• As you move on to mapping your neighborhood, you might look at big hills for sledding and low areas where awesome puddles are found. Use this as a chance to talk about where it might be safest to live, in a high (but windy and steep) spot, a middle spot, or a spot at the bottom of a hill (with lots of water, maybe too much sometimes).

  • The story The Rabbit Listened is a wonderful resource as you move into more construction tasks. Building can be FRUSTRATING. Towers tumble, uneven surfaces make wobbly bridges, etc. This story reminds us that we can rebuild when we are ready. Taking time to pause while you build and plan or sketch the next step can help learners develop problem-solving, literacy, and spatial awareness skills.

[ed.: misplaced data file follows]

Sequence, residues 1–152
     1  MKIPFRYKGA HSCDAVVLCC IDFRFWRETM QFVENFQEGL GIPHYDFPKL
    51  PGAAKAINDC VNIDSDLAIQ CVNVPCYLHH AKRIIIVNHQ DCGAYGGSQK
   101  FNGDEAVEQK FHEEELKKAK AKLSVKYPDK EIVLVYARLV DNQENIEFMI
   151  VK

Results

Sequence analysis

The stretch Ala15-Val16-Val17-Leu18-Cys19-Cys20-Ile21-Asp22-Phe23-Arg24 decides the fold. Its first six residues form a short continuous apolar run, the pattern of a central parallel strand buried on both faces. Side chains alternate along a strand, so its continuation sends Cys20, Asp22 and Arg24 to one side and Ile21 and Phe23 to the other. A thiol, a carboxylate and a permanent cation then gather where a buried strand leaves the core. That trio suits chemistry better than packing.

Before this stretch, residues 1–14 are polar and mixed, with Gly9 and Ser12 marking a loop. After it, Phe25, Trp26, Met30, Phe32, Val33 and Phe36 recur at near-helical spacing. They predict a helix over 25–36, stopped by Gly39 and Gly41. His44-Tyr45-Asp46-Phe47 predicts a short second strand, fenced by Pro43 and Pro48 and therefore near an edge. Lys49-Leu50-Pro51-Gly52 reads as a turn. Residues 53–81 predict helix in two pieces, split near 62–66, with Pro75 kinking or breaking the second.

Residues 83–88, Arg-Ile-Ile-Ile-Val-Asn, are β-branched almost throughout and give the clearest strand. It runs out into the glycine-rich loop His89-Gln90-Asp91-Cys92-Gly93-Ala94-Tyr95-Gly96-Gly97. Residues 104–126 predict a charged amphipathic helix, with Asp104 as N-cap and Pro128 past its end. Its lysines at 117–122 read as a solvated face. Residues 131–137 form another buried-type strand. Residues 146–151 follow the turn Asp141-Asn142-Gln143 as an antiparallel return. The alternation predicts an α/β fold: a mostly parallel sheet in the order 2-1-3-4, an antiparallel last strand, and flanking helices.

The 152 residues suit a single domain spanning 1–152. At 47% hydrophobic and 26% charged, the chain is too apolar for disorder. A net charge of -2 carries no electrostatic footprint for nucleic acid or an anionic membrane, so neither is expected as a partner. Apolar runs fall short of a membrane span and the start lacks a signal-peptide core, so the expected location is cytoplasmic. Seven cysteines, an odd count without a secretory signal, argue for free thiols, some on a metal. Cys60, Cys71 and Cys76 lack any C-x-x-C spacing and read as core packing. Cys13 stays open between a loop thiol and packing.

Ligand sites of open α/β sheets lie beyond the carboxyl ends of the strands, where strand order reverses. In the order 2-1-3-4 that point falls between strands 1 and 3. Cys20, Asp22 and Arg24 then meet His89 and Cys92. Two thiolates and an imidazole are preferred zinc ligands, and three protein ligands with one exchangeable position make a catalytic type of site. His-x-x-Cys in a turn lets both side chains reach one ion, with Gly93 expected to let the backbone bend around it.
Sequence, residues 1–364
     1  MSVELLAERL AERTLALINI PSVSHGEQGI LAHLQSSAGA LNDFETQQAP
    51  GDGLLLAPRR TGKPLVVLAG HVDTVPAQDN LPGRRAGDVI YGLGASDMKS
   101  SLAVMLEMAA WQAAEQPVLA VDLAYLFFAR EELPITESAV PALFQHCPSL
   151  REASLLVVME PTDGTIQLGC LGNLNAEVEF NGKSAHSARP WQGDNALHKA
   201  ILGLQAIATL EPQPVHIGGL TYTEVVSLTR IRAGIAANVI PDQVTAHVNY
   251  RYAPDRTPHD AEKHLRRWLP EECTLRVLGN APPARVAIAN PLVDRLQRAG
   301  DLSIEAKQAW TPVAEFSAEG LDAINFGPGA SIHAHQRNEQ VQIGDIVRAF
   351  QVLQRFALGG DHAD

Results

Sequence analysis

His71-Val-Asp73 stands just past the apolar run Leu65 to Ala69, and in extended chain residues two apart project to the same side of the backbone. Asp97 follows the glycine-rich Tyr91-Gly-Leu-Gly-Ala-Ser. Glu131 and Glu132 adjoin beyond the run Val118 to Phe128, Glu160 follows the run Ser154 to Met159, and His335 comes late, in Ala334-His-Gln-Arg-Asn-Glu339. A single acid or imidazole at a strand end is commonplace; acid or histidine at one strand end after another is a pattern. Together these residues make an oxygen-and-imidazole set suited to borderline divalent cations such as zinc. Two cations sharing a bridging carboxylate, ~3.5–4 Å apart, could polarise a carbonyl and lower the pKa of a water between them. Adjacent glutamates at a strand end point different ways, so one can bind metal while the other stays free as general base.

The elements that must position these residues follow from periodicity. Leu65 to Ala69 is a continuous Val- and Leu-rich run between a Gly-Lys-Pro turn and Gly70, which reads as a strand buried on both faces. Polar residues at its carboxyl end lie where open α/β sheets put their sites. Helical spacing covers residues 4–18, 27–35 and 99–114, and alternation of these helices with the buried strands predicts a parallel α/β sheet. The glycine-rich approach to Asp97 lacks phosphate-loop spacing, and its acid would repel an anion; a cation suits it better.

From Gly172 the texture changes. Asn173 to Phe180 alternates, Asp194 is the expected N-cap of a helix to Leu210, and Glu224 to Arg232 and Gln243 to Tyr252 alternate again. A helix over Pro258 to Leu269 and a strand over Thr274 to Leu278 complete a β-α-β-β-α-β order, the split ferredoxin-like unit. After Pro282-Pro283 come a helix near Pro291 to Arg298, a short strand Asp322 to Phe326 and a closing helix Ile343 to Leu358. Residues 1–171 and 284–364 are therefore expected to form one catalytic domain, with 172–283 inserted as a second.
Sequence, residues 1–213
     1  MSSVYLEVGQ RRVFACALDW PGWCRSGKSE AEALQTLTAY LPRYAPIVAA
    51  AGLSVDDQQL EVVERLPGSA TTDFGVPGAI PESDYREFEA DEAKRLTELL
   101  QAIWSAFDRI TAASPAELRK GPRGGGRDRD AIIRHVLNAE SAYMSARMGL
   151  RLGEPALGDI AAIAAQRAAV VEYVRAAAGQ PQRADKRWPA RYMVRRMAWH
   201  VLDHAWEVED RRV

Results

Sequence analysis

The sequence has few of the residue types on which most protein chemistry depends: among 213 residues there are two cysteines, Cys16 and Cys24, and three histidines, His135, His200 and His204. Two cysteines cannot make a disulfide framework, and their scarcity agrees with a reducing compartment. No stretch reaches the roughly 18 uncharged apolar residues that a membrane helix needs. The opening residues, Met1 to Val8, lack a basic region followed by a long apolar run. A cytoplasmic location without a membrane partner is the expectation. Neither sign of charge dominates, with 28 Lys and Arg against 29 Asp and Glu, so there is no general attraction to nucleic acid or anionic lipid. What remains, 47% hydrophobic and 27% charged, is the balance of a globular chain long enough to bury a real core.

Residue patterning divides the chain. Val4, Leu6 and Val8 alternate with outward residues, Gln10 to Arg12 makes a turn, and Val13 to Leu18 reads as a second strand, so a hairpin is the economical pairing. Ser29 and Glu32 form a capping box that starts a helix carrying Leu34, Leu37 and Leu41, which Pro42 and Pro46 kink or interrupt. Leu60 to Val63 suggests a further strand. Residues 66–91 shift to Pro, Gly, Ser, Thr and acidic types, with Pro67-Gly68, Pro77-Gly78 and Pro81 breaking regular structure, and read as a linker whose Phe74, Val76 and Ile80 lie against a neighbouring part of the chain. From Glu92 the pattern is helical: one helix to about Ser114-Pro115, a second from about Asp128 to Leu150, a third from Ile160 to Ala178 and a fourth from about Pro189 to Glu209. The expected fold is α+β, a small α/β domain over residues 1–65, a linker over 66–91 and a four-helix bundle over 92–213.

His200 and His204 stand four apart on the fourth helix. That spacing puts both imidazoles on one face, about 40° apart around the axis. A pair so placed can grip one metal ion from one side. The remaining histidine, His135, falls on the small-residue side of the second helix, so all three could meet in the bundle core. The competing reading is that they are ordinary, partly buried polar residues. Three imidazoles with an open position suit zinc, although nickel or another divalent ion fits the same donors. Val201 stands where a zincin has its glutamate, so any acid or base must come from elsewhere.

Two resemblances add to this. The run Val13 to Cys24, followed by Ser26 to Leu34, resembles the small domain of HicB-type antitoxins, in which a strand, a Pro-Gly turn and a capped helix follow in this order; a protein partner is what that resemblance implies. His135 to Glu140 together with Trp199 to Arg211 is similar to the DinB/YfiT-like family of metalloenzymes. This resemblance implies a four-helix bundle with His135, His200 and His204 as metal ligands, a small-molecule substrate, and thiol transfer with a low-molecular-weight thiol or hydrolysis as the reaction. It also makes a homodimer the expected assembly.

Share pictures of what you build and paint this month using #watchwonderbloom and/or #monthinmoments. Make sure you are following me on Instagram at @watchwonderbloom. I'll have a small giveaway posted for local families :).